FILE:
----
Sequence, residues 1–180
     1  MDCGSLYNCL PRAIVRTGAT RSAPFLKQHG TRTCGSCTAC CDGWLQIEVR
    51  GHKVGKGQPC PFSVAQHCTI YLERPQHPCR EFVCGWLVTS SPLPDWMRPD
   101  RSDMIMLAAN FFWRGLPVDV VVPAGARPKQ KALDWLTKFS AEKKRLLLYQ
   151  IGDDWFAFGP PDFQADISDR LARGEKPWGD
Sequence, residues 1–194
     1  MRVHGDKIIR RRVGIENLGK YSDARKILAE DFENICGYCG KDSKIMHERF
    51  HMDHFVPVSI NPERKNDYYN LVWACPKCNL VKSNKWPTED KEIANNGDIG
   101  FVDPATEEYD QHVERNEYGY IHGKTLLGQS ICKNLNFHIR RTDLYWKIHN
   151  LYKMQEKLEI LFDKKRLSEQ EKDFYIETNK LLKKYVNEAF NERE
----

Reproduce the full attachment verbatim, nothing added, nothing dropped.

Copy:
Sequence, residues 1–180
     1  MDCGSLYNCL PRAIVRTGAT RSAPFLKQHG TRTCGSCTAC CDGWLQIEVR
    51  GHKVGKGQPC PFSVAQHCTI YLERPQHPCR EFVCGWLVTS SPLPDWMRPD
   101  RSDMIMLAAN FFWRGLPVDV VVPAGARPKQ KALDWLTKFS AEKKRLLLYQ
   151  IGDDWFAFGP PDFQADISDR LARGEKPWGD
Sequence, residues 1–194
     1  MRVHGDKIIR RRVGIENLGK YSDARKILAE DFENICGYCG KDSKIMHERF
    51  HMDHFVPVSI NPERKNDYYN LVWACPKCNL VKSNKWPTED KEIANNGDIG
   101  FVDPATEEYD QHVERNEYGY IHGKTLLGQS ICKNLNFHIR RTDLYWKIHN
   151  LYKMQEKLEI LFDKKRLSEQ EKDFYIETNK LLKKYVNEAF NERE